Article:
The article below explains the difference between ETFs and index mutual funds. Unless you are making small investments on a monthly basis, ETFs are typically the better choice.
See the Investable Benchmarks for a range of strategic ETF portfolios.
Buying an index fund? Is a mutual fund or ETF best for you
Elliot Raphaelson, 4/22/14
People interested in investing in index stock funds have two ways to do it: mutual funds or exchange-traded funds (ETFs). For some investors, mutual funds will be more advantageous; for others, ETF will be. I’ll discuss the similarities and differences below, so you can determine which is best for you. It may be that both forms of investment have a place in your portfolio.
How are index mutual funds and index ETFs similar? With each alternative, you are investing in a similar portfolio, representing the same underlying index. For example, if you would like the index to be the S&P 500, you could select either a mutual fund or an ETF. You could expect that the overall risk, potential returns and portfolio turnover to be similar. Distributions of income and capital gains can be selected with both alternatives.
How are they different? With an ETF, the shares are purchased and sold through brokers on a secondary market. The shares can be are bought and sold throughout the day at existing market prices. There are usually brokerage fees for every transaction (there are exceptions). The expense ratios are generally lower than for most mutual funds. (The expense ratio reflects the fund’s operating costs including portfolio management, administrative services, shareholder reports, etc.)
With ETFs, there are no restrictions with respect to frequent trading. Shares can be bought on margin and sold short (i.e., you may sell shares you do not own, anticipating a fall in the value, at which time you would then purchase the shares at a profit). You may utilize stop order (i.e., an order to buy or sell a security once the price has risen above or dropped below a specified price). You can use a limit order (i.e., an order to buy a security at no more or sell at no less than a specific price) or an open order (i.e., an order that remains in effect until it is either canceled by the customer, until it is executed or until it expires).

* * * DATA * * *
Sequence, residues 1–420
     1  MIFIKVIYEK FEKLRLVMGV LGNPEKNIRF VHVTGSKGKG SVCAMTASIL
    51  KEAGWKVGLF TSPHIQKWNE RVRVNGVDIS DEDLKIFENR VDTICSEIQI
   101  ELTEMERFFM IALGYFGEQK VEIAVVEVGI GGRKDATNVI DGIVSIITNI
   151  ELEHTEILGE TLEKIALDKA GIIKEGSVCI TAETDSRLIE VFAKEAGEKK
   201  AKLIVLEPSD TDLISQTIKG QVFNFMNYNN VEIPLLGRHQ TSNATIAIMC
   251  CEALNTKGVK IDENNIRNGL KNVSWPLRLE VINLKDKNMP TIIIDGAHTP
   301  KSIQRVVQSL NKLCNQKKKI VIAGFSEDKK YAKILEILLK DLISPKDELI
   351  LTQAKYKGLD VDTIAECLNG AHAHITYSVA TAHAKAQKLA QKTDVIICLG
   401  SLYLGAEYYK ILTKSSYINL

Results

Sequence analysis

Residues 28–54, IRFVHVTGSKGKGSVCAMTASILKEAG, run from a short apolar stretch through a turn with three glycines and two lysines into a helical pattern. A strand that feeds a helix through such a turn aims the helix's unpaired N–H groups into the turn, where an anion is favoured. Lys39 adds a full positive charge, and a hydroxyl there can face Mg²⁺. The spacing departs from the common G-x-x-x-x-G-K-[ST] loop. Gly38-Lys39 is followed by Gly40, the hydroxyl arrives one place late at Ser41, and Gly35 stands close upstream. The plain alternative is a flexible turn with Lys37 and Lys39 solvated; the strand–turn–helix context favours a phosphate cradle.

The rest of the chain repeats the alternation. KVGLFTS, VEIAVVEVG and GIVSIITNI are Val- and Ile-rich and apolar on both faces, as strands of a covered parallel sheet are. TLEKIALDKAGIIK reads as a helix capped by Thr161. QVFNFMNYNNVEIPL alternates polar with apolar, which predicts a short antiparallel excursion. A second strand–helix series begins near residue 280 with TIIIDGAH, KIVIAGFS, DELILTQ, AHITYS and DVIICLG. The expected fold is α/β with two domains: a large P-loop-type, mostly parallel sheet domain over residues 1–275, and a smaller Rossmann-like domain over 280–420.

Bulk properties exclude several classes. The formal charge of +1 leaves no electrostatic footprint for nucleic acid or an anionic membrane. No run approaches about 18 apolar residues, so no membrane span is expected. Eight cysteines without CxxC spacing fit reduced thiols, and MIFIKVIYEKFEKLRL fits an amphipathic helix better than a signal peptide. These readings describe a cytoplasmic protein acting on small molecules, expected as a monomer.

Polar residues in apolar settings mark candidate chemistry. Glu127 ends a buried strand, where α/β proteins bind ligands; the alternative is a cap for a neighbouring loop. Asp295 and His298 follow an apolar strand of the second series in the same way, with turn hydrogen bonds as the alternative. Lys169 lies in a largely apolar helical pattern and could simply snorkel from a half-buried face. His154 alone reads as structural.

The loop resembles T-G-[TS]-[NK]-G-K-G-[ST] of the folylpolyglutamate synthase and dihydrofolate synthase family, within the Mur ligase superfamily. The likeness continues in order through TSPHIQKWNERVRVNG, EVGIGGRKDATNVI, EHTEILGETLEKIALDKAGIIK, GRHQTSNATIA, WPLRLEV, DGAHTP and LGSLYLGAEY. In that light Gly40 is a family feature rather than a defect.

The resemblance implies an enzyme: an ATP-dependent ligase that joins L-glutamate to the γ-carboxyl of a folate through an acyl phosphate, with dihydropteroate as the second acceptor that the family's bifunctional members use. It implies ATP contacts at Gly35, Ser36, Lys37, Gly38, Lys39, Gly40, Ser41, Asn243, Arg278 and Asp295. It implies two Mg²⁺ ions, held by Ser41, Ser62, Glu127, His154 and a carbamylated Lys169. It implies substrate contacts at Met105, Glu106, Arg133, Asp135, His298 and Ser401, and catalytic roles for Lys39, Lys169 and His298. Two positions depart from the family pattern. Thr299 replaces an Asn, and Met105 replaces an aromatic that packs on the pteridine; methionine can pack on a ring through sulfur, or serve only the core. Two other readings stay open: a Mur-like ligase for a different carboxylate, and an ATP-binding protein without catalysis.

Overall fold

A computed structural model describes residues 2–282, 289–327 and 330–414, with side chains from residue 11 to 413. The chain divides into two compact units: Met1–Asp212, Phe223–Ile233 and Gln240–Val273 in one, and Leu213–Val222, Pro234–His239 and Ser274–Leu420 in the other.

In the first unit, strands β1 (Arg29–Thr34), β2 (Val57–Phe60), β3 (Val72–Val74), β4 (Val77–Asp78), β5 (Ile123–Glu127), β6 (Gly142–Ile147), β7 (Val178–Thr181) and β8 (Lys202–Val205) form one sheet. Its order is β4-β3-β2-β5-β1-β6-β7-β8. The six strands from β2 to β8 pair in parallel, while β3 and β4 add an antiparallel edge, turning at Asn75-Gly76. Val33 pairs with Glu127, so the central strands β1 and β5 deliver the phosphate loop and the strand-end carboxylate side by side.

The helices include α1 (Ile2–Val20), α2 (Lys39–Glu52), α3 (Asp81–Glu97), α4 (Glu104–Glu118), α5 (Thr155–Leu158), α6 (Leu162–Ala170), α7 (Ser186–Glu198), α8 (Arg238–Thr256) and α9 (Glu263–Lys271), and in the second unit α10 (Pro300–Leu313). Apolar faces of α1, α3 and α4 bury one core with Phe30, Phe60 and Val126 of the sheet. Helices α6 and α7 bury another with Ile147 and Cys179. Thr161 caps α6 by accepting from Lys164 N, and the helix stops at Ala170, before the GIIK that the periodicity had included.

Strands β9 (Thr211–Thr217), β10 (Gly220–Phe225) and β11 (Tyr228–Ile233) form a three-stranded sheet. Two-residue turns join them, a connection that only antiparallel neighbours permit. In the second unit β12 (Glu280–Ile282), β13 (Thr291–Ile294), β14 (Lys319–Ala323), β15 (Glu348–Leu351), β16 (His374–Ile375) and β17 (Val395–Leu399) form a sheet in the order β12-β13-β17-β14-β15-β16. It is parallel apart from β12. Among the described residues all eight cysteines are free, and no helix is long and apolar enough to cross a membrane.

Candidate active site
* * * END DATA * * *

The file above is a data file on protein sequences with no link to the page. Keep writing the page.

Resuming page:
With mutual funds, you buy and sell through the fund company. The shares are priced once a day at the end of the trading day. There are restrictions on the frequency of trading. You may not buy on margin, nor may you use stop orders, limit orders or open orders. You may not sell mutual fund shares short.
Although the ETF has the apparent cost advantage of a lower expense ratio, that is only one element of the cost. For example, if you intend to reinvest some or all of the earnings and/or capital gains, you have to consider the brokerage fees associated with such transactions. If you plan to establish a monthly investment program, you have to consider the transaction fee associated with each purchase. In addition to the brokerage commission, there is a bid-ask spread associated with each purchase.
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